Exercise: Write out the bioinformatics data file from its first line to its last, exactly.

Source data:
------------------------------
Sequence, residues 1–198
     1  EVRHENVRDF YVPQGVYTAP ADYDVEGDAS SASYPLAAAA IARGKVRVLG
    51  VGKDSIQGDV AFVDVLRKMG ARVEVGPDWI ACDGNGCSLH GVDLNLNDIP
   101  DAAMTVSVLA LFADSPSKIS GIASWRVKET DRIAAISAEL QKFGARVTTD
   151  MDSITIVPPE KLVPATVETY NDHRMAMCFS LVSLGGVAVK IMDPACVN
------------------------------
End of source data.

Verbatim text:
Sequence, residues 1–198
     1  EVRHENVRDF YVPQGVYTAP ADYDVEGDAS SASYPLAAAA IARGKVRVLG
    51  VGKDSIQGDV AFVDVLRKMG ARVEVGPDWI ACDGNGCSLH GVDLNLNDIP
   101  DAAMTVSVLA LFADSPSKIS GIASWRVKET DRIAAISAEL QKFGARVTTD
   151  MDSITIVPPE KLVPATVETY NDHRMAMCFS LVSLGGVAVK IMDPACVN